No power, no phones, no transport and no water

By Tererai Karimakwenda


“Just about everything is erratic, steadily getting worse and there seems to be no end in sight.” These were the words of reporter Jan Raath, describing life in Zimbabwe’s capital city on Friday. Raath said many areas are going for days at a time without electricity and this is affecting many other aspects of the daily routine, which rely on power.

Telephone communication is becoming increasingly difficult. Fixed lines are more reliable that the mobile networks, but the power cuts affect substations that operate on batteries. These need a steady supply of electricity to remain charged. Mobile lines are worse. The networks were over subscribed anyway and that problem has increased because of the forced reduction in costs, making access more affordable.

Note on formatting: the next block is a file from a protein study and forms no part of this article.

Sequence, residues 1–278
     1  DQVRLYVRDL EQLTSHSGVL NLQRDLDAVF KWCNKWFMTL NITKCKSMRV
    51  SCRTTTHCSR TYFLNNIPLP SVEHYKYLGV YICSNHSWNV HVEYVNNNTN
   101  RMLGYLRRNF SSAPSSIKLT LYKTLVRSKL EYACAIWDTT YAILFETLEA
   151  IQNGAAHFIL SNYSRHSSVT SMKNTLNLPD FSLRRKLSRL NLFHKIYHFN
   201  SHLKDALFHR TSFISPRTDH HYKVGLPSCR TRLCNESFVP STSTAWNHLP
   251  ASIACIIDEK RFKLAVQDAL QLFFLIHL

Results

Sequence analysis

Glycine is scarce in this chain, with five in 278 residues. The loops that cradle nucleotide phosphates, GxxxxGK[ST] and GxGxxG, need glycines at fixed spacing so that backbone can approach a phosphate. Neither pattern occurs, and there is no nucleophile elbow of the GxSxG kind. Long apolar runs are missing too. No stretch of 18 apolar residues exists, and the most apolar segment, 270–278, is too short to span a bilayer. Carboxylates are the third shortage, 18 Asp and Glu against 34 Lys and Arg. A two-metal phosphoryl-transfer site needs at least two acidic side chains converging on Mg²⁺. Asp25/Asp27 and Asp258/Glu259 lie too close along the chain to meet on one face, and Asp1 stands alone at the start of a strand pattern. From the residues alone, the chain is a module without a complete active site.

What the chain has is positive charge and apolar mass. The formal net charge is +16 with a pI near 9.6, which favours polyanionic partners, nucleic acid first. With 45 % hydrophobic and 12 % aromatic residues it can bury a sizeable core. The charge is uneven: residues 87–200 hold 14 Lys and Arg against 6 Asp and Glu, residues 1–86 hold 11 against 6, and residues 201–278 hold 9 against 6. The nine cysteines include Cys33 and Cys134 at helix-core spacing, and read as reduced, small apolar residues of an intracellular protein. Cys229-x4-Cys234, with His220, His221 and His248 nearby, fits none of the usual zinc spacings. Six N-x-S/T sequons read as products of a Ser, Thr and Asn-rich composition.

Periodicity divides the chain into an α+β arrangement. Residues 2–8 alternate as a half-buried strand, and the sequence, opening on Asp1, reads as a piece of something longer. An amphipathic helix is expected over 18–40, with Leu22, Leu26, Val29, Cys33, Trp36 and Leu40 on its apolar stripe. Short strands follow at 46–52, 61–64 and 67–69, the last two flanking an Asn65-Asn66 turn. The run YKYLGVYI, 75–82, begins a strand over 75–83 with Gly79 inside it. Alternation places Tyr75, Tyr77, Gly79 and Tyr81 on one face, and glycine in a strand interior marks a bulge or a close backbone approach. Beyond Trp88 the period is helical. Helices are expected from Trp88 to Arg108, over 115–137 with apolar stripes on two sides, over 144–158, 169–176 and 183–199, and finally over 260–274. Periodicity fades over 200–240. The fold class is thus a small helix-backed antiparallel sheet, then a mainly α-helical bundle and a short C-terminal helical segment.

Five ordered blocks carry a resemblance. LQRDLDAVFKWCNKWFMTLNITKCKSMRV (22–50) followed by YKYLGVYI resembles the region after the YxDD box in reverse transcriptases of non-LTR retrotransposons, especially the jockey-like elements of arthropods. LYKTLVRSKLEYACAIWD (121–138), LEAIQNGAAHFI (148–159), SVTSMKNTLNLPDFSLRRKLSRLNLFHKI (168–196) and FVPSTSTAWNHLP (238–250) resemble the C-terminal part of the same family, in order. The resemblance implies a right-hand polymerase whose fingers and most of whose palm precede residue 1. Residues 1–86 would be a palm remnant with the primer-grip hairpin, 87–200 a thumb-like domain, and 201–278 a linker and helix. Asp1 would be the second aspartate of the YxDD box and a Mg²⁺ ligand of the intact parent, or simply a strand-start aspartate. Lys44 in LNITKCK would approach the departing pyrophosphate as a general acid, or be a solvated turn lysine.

Then there is the transport nightmare. Raath said the government clampdown has made fuel even more scarce. And the price per litre is much higher than the reduced fares stipulated by government. Raath said 2 weeks ago fuel was selling at Z$180,000 per litre. It is now selling at Z$250,000 per litre.

Raath described the water supplies as “erratic”. He explained that a year ago most areas, including the low density suburbs, could count on a steady supply of water. Then months ago people were going for 2 to 3 weeks without water. Now many people are opening their taps and hearing that hissing sound that signals there is nothing but air.

Raath said he cannot claim that the system has totally collapsed, but at the current rate of deterioration total collapse is imminent.


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